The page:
Greater technology adoption will mean that in-demand skills across jobs change over the next five years, and skills gaps will continue to be high. Therefore, we’ve analyzed the top 10 skills in demand.
For those workers who stay in their roles, the share of core skills will change by 2025 is 40%, and 50% of all employees will need reskilling (up to 4%).
Critical thinking and problem-solving top the list of skills employers believe will grow in prominence in five years. These have been consistent since the first report in 2016.
But newly emerging this year are skills in self-management such as active learning, resilience, stress tolerance, and flexibility.
Let’s categorize skills into the following four groups
Then five out of the top 10 work skills in growing demand by 2025 are related to Problem-solving, ex aequo Self-management with Technology use and development scored two positions and only one Working with people. Refer to the list below:
- Analytical thinking and innovation – [Problem-solving]
- Active learning and learning strategies [Self-management]
- Complex problem-solving [Problem-solving]
- Critical thinking and analysis [Problem-solving]
- Creativity, originality, and initiative [Problem-solving]
- Leadership and social influence [Working with people]
- Technology use, monitoring, and control [Technology use and development]
- Technology design and programming [Technology use and development]
- Resilience, stress tolerance, and flexibility [Self-management]
- Reasoning. problem-solving, and ideation [Problem-solving]
This year, data from LinkedIn and online learning platform Coursera has allowed the Forum to track the types of specialized skills needed for the jobs of tomorrow, which are in demand across multiple emerging professions.
Among these ‘cross-cutting’ skills are specialized skills in product marketing, digital marketing, and human-computer interaction.
How long will reskilling take?
Most business leaders (94%) now expect employees to pick up new skills – a sharp rise from 65% in 2018.
Respondents to the Future of Jobs Survey estimate that around 40% of workers will require reskilling for six months or less, but that number is higher for those in the consumer and health healthcare industries.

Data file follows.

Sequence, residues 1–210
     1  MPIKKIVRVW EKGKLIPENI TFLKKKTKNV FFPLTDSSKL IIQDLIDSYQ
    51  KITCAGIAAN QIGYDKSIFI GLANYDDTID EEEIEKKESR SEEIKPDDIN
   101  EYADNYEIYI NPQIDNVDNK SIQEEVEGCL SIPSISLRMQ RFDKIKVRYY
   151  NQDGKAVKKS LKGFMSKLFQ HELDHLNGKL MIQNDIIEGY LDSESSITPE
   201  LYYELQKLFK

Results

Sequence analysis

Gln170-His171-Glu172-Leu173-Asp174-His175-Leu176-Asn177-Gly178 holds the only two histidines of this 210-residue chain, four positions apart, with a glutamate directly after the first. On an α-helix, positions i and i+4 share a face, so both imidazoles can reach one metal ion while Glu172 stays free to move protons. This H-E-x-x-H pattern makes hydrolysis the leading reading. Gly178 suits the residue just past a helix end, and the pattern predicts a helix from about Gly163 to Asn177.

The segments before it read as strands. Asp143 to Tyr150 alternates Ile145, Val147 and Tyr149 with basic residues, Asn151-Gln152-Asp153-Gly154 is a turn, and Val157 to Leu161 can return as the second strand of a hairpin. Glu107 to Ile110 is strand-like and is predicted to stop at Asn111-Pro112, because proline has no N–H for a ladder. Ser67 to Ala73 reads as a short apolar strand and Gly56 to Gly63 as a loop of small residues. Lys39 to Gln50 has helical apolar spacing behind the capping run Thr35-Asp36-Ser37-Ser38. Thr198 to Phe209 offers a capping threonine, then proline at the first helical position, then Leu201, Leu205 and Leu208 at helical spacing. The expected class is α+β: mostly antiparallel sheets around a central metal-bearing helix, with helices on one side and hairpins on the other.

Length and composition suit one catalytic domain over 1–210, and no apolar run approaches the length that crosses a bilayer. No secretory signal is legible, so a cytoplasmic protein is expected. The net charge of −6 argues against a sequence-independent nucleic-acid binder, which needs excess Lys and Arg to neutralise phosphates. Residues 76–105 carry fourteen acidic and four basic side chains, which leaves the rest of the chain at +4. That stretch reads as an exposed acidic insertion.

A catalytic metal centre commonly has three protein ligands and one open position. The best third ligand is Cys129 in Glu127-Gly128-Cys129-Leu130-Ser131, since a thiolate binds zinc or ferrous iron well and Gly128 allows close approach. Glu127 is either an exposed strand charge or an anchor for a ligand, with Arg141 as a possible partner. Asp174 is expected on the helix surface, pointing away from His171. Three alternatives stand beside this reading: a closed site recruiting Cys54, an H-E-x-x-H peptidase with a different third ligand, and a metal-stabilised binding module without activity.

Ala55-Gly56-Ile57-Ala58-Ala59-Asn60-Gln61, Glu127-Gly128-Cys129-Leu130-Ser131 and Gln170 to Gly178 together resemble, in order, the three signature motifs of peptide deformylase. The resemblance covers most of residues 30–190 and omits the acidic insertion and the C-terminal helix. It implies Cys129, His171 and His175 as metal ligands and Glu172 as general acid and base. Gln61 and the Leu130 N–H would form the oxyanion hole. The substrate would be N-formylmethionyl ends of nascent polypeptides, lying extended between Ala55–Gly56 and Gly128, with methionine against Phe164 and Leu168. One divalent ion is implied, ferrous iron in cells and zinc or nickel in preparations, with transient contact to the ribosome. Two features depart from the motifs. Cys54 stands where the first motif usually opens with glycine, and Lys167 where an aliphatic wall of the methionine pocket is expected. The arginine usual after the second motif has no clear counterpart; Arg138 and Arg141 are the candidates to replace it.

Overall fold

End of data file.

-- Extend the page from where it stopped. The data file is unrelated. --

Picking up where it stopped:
In the financial services and energy sectors, the share of workers who can be reskilled within six months is lower because they will need more time-intensive programs.
Training will be delivered internally, according to 39% of employers. But, as Professor Schwab noted, this will be supplemented by online learning platforms (16% of training) and external consultants (11% of activity).
The pandemic has accelerated the trend of online reskilling. This year, Coursera saw a fourfold increase in people seeking out opportunities themselves between April and June.
Employers providing online learning opportunities for their workers increased fivefold, and there was a ninefold enrolment increase for learners accessing online resources through government programs.
The platform says it could take just one to two months to acquire one of its top 10 mastery skills in emerging professions across people and culture, content writing, and sales and marketing.
It could take two to three months for learners to expand their skills in product development and data and AI. At the same time, a four-month learning program could help people move into roles in cloud and engineering.
The report notes that such figures suggest that although learning a new skill set is increasingly accessible through digital technologies, individuals will also need the time and funding to pursue new opportunities.